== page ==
‘Living in a Song’ Is Another Winner from Dynamic Roots Duo Rob Ickes and Trey Hensley
This truly dynamic duo, steeped in the traditions of American roots music, brings together a 15-time International Bluegrass Music Association Dobro Player of the Year with a flatpicking guitar phenom who at age 11 made his Grand Ole Opry debut with Earl Scruggs and Marty Stuart. Rob Ickes and Trey Hensley have collaborated with a wide range of musicians, including Tommy Emmanuel, Taj Mahal, Nitty Gritty Dirt Band, David Grisman, and Jorma Kaukonen and Hot Tuna, to name some.
Rob Ickes & Trey Hensley
Living in a Song
Their latest release, Living in a Song, builds on their three previous duo albums. The top-notch musicianship remains with Ickes playing his Byrl Murdoch flamed maple shallow body resonator and a 1940s Oahu Tonemaster lap steel, while Hensley holds down the guitar duties with a Gibson J-200, a 1954 Martin D-28, and a Chuck Tipton Telecaster-style electric. However, the focus of this effort is more on showcasing their songwriting abilities than their evident instrumental virtuosity, and in that vein the album hits the bullseye. There are 12 songs, ten of them cowritten by Ickes and Hensley along with Lyle Brewer and Grammy Award–winning producer Brent Maher. The remaining two songs are the traditional classic “Way Downtown” and the classic old blues-gospel song “I’m Working on a Building,” which Bill Monroe turned into a bluegrass standard. Ickes and Hensley make a conscious effort to tip their hats to the classic Nashville sound and country troubadours past and present.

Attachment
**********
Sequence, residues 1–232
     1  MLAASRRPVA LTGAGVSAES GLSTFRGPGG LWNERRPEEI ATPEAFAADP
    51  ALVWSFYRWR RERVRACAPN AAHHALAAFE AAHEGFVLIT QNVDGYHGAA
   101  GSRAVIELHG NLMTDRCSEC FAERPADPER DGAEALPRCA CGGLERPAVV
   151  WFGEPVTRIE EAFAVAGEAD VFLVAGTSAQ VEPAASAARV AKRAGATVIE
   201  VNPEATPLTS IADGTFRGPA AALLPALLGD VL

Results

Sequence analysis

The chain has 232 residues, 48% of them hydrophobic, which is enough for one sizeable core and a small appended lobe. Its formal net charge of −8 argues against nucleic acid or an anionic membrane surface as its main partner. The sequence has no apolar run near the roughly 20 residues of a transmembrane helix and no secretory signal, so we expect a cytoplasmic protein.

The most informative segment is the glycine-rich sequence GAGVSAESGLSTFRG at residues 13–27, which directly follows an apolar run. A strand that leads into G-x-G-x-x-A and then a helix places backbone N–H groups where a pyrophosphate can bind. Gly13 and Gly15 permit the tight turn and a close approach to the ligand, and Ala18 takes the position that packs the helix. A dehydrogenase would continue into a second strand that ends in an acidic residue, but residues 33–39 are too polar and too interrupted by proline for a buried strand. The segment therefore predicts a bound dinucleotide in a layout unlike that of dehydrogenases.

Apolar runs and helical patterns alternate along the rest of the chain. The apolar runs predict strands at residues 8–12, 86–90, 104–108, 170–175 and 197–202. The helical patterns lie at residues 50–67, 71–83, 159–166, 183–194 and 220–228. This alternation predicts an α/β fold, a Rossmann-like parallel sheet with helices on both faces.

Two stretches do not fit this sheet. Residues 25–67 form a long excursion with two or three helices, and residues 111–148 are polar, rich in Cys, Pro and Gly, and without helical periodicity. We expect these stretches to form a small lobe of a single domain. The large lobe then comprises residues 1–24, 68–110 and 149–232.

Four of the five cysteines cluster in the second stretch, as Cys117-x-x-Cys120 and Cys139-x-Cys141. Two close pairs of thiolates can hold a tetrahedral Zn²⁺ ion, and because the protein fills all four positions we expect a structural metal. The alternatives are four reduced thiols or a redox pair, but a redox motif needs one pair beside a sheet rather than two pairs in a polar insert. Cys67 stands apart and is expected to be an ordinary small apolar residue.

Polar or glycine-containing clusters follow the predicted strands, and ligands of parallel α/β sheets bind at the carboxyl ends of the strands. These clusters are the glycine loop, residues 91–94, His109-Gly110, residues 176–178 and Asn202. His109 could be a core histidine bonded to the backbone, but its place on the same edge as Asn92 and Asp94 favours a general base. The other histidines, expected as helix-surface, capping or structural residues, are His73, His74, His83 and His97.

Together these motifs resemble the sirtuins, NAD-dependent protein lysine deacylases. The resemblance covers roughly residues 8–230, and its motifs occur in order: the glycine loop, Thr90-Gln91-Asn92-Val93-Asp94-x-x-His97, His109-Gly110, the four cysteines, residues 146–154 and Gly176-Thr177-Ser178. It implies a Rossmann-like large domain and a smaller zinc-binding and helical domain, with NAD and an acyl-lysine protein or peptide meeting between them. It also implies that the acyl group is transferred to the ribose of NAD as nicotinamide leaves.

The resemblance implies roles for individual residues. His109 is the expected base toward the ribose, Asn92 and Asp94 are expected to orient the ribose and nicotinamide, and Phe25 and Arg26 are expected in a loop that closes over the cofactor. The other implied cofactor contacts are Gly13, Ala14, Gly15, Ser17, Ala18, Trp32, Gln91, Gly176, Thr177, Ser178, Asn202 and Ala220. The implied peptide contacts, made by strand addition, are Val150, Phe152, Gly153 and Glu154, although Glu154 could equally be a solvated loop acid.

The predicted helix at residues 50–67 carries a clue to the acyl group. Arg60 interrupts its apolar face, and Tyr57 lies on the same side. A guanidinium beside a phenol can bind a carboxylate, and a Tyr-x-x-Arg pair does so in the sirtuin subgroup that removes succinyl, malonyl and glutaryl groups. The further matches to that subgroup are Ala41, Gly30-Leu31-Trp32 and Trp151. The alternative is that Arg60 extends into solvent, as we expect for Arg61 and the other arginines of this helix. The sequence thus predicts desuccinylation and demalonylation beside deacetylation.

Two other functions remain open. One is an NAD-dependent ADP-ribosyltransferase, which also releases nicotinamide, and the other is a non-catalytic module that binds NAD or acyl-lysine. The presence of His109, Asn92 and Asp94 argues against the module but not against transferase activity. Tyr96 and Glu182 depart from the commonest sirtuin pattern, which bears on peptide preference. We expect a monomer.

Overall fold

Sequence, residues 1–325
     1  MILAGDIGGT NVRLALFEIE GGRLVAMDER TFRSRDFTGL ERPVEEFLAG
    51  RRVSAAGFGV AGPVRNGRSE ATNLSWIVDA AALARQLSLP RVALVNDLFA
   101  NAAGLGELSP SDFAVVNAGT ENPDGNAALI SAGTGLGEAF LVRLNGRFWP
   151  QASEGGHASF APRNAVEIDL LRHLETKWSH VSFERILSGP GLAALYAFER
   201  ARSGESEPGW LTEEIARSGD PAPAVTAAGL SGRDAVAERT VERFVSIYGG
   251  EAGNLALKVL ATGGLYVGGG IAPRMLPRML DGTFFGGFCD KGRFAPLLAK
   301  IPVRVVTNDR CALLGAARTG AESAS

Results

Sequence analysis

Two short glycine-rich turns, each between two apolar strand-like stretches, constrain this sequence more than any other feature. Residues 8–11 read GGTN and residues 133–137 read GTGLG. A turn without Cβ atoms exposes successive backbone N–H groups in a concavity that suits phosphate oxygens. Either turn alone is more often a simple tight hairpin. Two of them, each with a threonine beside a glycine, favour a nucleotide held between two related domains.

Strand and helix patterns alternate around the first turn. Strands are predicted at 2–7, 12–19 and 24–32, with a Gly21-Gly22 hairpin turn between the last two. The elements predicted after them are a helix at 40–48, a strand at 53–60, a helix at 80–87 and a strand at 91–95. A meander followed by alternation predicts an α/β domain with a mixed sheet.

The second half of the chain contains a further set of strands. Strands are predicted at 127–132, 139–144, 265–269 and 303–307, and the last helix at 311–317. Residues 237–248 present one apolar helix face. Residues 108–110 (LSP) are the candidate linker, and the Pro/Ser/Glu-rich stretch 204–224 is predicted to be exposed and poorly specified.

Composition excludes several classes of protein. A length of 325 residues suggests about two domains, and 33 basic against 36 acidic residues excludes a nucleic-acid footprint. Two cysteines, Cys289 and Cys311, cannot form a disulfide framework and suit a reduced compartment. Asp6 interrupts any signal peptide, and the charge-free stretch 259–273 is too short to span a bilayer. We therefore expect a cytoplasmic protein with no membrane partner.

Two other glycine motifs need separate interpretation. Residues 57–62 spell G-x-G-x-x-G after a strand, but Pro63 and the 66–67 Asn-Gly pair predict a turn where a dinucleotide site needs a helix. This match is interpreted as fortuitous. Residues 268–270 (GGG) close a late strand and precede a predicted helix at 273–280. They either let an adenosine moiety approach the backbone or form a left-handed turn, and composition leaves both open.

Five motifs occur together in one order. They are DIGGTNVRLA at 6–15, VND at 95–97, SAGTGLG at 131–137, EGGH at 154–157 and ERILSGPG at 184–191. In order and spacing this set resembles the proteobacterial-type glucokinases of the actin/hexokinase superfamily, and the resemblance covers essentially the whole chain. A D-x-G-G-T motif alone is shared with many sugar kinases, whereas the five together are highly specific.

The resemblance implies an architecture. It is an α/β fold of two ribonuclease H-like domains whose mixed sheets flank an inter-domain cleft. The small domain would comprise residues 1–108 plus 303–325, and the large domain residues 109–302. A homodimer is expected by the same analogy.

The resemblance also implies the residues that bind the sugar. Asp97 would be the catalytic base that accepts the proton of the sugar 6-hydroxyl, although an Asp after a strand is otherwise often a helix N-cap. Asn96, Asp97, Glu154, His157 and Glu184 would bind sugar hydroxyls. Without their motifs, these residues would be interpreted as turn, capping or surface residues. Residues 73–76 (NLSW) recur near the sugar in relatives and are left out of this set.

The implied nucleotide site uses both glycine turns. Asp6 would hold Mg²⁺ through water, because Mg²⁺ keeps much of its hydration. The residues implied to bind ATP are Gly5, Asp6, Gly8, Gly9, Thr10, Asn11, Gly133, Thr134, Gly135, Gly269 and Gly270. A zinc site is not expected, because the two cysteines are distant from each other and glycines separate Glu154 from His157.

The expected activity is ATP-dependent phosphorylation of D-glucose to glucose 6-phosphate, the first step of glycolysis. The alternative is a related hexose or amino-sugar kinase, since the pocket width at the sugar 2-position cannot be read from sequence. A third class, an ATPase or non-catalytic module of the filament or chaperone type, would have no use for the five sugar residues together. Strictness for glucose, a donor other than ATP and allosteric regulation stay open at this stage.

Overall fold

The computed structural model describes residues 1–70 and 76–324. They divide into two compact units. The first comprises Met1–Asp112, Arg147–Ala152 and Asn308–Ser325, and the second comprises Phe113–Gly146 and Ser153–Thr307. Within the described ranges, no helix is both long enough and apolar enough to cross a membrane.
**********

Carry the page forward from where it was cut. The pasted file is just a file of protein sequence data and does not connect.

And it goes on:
Hensley’s resonant voice is the perfect vehicle for these tunes. On the title track, “Living in a Song,”he sings with conviction about a musician’s life on the road. There is an art to accompanying a singer, and Ickes is a master at it—his lap steel playing on this cut brings to mind the late, great David Lindley. Ickes also steps out on this release by singing more harmonies than on their previous albums, adding depth to the overall sound.
If you are a fan of classic country, this album should be right in your wheelhouse, and if you are looking for hot licks just check out “Way Downtown” or “I’m Working on a Building”: The notes seem to explode from Ickes’ Byrl and Hensley’s Martin. Ickes and Hensley have served notice that they are a force to be reckoned with, now and in the future.
This article originally appeared in the May/June 2023 issue of Acoustic Guitar magazine.